By Joel Warner
By Michael Roberts
By Joel Warner
By Michael Roberts
By Alan Prendergast
By Michael Roberts
By Michael Roberts
By Amber Taufen
The man who came into their room that night had no worries about locks or the law. He didn't seem to care that his victim might try to summon help or that a witness was hovering five feet above his head.
Why should he? He worked for the Colorado Department of Corrections, and these girls were his prisoners.
Castro and her roommate were among a handful of females in the Youthful Offender System, the state's costly, controversial "last chance" program for adolescent felons. In YOS, juveniles convicted of violent crimes are put through a rigorous boot camp, followed by years of classes and counseling sessions designed to change criminal behavior, then intensive supervised parole -- all with the prospect of being sent to adult prison if they foul up at any stage.
The typical YOS teen is not simply wayward but deep in the woods, and Angel Castro, let's face it, was no angel. She arrived at the program's Pueblo "campus," on the grounds of the state mental hospital, in early 2001, after a crazy-ass carjacking that resulted in a woman being stabbed. Castro pulled the woman from the car and Maced her, but she did not wield the knife. The judge gave her sixteen years and then suspended the sentence, on the condition that she complete five and a half years in YOS.
Huffing and straining through weeks of boot camp, Castro figured she'd landed in some kind of super-sized "Scared Straight" program. But being one of only six girls in YOS, surrounded by 200 male offenders, made her uneasy from the start. Some of the boys were downright nasty, and nobody seemed to give a damn.
"They were always talking about your butt, harassing you, trying to grab you and stuff," Castro recalls. "And the staff would be like, 'It's no big thing.' They couldn't understand that a lot of us girls have issues with that because of our past history."
Angel Castro had issues, all right. She could handle the boys; they were no worse than the boys she knew on the street, the ones who would try to take you in a basement or a car, with a knife to your throat or a gun to your head. But the guards -- the grown men who were supposed to protect you from the YOS boys -- they were a whole different kind of threat.
In boot camp, there was a drill instructor named Duane Coleman who made her uncomfortable. Although he was 36 years old and married, his eyes seemed to be all over her. One day, when she asked a boy how to put a crease in her shirt, Coleman accused her of doing a striptease. She'd never known a cop who talked like that.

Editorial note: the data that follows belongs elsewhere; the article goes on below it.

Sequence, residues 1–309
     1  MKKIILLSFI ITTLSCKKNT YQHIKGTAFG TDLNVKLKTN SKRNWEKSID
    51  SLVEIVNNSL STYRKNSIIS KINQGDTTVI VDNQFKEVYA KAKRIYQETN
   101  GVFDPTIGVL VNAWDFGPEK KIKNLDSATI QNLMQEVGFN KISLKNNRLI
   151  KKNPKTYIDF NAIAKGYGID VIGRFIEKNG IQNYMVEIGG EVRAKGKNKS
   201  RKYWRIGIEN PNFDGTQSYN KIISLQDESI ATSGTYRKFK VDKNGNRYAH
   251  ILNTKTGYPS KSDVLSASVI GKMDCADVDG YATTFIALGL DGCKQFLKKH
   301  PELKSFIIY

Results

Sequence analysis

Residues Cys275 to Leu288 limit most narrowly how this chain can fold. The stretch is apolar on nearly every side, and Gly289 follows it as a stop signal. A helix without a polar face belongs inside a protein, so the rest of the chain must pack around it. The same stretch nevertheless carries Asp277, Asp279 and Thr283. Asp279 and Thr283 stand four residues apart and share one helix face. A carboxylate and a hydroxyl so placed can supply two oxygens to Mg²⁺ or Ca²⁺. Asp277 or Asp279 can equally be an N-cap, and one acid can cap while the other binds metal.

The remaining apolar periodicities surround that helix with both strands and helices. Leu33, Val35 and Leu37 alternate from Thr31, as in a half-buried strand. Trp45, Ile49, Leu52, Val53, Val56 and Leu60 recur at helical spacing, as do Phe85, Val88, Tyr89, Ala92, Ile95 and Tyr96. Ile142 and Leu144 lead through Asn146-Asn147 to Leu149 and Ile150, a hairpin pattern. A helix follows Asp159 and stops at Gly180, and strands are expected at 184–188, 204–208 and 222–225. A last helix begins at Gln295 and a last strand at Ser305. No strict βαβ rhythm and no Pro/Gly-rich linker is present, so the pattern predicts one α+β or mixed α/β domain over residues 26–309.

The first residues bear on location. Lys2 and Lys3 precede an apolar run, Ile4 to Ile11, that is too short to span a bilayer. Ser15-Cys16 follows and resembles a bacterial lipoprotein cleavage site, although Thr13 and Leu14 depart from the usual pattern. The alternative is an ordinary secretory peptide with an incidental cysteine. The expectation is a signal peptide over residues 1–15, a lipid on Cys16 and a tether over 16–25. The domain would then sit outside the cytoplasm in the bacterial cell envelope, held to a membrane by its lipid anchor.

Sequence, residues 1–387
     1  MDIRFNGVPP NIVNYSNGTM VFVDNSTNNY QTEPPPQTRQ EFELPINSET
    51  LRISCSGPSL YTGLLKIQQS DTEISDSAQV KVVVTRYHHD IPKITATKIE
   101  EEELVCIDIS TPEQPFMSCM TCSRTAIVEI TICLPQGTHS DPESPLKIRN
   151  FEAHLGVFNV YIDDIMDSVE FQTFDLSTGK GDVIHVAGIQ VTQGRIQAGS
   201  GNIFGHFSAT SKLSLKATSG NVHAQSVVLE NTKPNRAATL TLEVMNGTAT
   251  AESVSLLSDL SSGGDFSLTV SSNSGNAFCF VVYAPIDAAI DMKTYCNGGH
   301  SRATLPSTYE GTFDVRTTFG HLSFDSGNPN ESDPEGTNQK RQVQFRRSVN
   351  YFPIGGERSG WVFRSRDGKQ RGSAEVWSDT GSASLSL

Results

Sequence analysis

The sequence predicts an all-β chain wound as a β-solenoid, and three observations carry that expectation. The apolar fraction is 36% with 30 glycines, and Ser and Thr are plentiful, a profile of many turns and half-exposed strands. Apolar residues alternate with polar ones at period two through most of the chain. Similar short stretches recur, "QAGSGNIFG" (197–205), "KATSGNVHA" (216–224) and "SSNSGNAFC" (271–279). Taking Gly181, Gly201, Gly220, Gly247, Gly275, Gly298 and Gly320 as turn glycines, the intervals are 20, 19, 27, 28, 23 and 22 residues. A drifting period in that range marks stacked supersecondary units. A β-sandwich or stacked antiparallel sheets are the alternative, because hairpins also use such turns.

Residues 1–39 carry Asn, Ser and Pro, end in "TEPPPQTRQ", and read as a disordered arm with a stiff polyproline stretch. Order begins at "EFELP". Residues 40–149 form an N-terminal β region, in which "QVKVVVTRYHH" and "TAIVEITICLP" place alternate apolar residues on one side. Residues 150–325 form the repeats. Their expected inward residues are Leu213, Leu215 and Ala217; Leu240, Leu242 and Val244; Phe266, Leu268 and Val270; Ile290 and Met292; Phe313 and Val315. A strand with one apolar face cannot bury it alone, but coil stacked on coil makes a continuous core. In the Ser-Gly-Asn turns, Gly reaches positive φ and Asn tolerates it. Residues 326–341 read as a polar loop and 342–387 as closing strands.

When she finished boot camp and moved into the girls' dorm, she was surprised to find male staff working there. "They were always in the dayroom, always going into your room, giving you little looks," she says. One of the most persistent was her former DI, Coleman. "He would make small talk, leave, and five minutes later he'd come back."
In YOS, the guards have tremendous power. A bad report from one of them can send you back to boot camp. They can drop-kick your ass to solitary confinement or even start the revocation process, which could lead to your serving your full sentence in an adult prison. You don't defy staff unless you really, really want to grow old behind bars.
So when the male staffer showed up in Castro's room one night, five months into her stay at YOS, she didn't cry out. Neither did her roommate. They just tried to pretend that the intruder -- later identified by both girls as Duane Coleman -- wasn't there, that this wasn't happening.
"I looked down, and Coleman was sitting on my roommate's bed," Castro says. "She had a pillow over her head, and his hand was down her pants. He looked up at me. I rolled over and looked at the wall. He left and came back. He said something about how his dick's too big, he broke the condom, but that's okay because he has a whole bunch more."
The bed began to shake. Castro looked at the wall. After it was over, she listened to her roommate sobbing quietly in the dark.
"She cried and she cried and she cried. I told her, 'I am so sorry,'" Castro says. "I was just sixteen years old. I didn't know what to do."
She didn't know what to do about her roommate's situation any more than she knew what to do about her own. The night before, in another dark room, she'd received her own grim initiation into the kind of "opportunities" YOS offered to sixteen-year-old girls. A 44-year-old corrections officer named Gary Neal had forced himself on her, Castro says, and she hadn't told anyone. Who was there to tell, she wondered, in a place like this?